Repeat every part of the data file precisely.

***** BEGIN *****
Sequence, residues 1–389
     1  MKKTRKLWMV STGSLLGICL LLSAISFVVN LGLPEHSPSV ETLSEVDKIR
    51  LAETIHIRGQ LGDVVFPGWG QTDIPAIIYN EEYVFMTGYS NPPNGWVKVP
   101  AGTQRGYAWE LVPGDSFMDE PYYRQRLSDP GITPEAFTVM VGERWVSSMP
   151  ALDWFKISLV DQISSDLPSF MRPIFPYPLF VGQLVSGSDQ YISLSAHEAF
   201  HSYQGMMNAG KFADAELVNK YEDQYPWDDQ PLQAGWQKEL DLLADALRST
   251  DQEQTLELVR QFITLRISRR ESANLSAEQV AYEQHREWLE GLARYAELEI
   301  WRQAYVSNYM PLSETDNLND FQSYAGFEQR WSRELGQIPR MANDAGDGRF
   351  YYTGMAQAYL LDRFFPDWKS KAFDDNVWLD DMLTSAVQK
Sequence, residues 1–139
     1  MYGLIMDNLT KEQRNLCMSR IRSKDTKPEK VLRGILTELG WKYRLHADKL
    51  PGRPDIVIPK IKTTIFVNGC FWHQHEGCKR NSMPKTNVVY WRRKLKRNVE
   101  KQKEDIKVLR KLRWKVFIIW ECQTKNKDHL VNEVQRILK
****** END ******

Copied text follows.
Sequence, residues 1–389
     1  MKKTRKLWMV STGSLLGICL LLSAISFVVN LGLPEHSPSV ETLSEVDKIR
    51  LAETIHIRGQ LGDVVFPGWG QTDIPAIIYN EEYVFMTGYS NPPNGWVKVP
   101  AGTQRGYAWE LVPGDSFMDE PYYRQRLSDP GITPEAFTVM VGERWVSSMP
   151  ALDWFKISLV DQISSDLPSF MRPIFPYPLF VGQLVSGSDQ YISLSAHEAF
   201  HSYQGMMNAG KFADAELVNK YEDQYPWDDQ PLQAGWQKEL DLLADALRST
   251  DQEQTLELVR QFITLRISRR ESANLSAEQV AYEQHREWLE GLARYAELEI
   301  WRQAYVSNYM PLSETDNLND FQSYAGFEQR WSRELGQIPR MANDAGDGRF
   351  YYTGMAQAYL LDRFFPDWKS KAFDDNVWLD DMLTSAVQK
Sequence, residues 1–139
     1  MYGLIMDNLT KEQRNLCMSR IRSKDTKPEK VLRGILTELG WKYRLHADKL
    51  PGRPDIVIPK IKTTIFVNGC FWHQHEGCKR NSMPKTNVVY WRRKLKRNVE
   101  KQKEDIKVLR KLRWKVFIIW ECQTKNKDHL VNEVQRILK